Ships off the southern coast of Spain must now steer clear of bottlenose dolphin foraging grounds, according to the International Maritime Organization.
The IMO has diverted shipping lanes that pass through the Alboran Sea, a gateway between the Mediterranean and the Atlantic Ocean, 20 miles further south. The area has an abundance of fish, which makes it one of Europe’s most valuable feeding grounds.
“This is very positive news,” said Ricardo Sagarminaga van Buiten, an Earthwatch Institute scientist. “Cargo ships, often carrying dangerous substances, regularly pass through the Alboran Sea’s primary dolphin feeding grounds.”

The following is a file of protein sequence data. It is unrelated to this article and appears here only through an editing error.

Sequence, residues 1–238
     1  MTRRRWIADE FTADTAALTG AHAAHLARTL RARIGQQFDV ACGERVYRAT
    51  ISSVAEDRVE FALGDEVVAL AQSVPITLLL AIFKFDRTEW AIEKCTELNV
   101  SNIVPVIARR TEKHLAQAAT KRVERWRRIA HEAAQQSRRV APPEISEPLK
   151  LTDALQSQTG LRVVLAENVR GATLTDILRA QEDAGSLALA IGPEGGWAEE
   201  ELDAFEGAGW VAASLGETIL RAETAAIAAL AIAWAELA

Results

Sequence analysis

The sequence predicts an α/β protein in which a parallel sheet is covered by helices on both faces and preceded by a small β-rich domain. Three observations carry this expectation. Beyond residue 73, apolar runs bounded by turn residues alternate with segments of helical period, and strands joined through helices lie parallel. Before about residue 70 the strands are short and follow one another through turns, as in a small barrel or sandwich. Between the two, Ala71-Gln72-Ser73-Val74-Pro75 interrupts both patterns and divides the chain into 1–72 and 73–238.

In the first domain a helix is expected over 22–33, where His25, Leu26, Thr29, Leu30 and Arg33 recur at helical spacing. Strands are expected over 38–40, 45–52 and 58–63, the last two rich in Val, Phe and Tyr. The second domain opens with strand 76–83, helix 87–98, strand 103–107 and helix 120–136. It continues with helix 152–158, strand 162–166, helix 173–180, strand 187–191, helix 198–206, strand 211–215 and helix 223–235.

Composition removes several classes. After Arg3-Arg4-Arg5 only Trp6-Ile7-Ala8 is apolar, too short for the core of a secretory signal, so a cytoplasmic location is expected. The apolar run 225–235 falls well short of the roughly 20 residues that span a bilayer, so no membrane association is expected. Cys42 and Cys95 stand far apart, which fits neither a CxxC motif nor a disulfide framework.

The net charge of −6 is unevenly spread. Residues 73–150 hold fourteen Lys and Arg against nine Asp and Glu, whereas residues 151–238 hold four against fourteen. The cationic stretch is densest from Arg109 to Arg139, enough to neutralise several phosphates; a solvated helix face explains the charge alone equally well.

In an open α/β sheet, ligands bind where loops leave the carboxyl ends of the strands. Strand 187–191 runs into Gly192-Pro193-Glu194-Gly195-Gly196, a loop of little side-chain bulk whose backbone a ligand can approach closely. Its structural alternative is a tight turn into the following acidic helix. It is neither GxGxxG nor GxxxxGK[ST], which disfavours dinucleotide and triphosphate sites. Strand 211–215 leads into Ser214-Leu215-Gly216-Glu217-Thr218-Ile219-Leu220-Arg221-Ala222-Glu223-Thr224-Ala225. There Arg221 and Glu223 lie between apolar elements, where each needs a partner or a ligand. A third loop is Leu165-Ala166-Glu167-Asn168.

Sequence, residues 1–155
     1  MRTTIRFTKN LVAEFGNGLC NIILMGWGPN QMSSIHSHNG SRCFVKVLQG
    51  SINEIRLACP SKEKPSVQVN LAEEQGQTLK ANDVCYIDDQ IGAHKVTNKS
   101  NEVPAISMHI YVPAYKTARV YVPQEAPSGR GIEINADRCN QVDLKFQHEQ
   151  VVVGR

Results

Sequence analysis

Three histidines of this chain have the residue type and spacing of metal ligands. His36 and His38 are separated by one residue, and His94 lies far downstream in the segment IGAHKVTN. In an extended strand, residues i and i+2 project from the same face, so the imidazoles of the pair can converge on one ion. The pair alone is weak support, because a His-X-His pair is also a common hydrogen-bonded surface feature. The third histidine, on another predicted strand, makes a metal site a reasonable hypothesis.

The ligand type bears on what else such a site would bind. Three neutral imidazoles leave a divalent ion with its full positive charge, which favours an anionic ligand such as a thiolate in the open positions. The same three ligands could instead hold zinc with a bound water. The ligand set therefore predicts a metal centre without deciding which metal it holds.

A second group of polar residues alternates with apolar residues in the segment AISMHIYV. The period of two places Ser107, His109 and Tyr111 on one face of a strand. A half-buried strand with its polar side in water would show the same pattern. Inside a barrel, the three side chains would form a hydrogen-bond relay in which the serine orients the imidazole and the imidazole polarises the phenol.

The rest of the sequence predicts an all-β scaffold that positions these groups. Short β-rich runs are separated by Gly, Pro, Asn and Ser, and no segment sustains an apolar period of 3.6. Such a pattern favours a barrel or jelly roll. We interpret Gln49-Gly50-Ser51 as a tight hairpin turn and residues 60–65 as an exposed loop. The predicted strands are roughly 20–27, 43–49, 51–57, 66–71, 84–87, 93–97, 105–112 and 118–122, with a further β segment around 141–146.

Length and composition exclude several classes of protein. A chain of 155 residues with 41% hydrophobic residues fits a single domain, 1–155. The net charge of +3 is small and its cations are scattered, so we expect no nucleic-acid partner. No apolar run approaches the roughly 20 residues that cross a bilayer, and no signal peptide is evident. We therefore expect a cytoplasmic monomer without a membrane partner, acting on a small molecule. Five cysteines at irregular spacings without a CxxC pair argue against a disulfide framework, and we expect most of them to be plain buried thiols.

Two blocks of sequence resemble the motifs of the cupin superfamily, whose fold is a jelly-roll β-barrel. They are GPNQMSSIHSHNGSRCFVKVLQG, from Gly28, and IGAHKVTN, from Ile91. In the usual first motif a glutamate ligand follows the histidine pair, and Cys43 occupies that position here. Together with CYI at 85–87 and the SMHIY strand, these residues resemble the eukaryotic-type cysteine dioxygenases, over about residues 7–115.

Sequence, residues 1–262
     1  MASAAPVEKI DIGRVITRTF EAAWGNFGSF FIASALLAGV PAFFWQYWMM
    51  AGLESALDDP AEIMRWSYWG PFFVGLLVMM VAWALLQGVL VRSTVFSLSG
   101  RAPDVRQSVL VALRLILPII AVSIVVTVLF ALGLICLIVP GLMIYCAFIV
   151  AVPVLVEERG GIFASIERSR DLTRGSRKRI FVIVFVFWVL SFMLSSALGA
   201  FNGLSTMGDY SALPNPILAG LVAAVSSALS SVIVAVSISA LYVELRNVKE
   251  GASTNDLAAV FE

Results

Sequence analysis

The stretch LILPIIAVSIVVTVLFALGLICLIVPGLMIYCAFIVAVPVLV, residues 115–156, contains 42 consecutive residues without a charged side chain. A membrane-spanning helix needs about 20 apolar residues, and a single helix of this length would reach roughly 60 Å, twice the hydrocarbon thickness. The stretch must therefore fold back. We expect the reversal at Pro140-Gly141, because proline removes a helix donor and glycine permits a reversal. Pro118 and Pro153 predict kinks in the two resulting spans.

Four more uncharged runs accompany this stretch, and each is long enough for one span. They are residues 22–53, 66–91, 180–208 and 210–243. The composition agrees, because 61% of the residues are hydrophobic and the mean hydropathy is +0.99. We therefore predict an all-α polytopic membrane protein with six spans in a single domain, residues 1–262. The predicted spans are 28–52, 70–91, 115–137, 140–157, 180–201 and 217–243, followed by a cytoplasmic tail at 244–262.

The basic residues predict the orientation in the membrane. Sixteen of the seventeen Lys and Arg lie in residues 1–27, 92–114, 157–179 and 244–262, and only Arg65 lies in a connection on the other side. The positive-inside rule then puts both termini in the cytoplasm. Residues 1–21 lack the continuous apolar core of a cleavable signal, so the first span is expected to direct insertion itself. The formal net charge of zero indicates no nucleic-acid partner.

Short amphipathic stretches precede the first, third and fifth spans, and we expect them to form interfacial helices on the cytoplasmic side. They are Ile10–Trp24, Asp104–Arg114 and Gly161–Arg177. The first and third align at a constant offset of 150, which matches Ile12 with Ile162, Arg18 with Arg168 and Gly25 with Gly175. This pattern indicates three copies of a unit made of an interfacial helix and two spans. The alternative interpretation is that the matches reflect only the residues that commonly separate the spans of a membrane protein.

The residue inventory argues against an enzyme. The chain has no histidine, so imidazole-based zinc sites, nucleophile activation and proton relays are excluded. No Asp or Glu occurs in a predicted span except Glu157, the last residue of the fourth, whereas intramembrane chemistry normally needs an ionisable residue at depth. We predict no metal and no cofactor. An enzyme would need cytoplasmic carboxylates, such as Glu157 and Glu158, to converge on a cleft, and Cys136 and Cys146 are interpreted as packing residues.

As almost 30 percent of the world’s maritime traffic currently passes through this gateway, the diversion will reduce acoustic and water pollution in the area and should help mitigate the impact of accidental oil spills on coastal habitats and tourist beaches.
Dolphin populations in the area are fragmented and genetically isolated, so making these waters safer for dolphins to travel is critical to the survival of the species, the scientists say.
“Bottlenose dolphins have suffered a sharp decline in the Mediterranean over the last decade,” van Buiten said. “So diverting the shipping route should give the species an opportunity to recover.”
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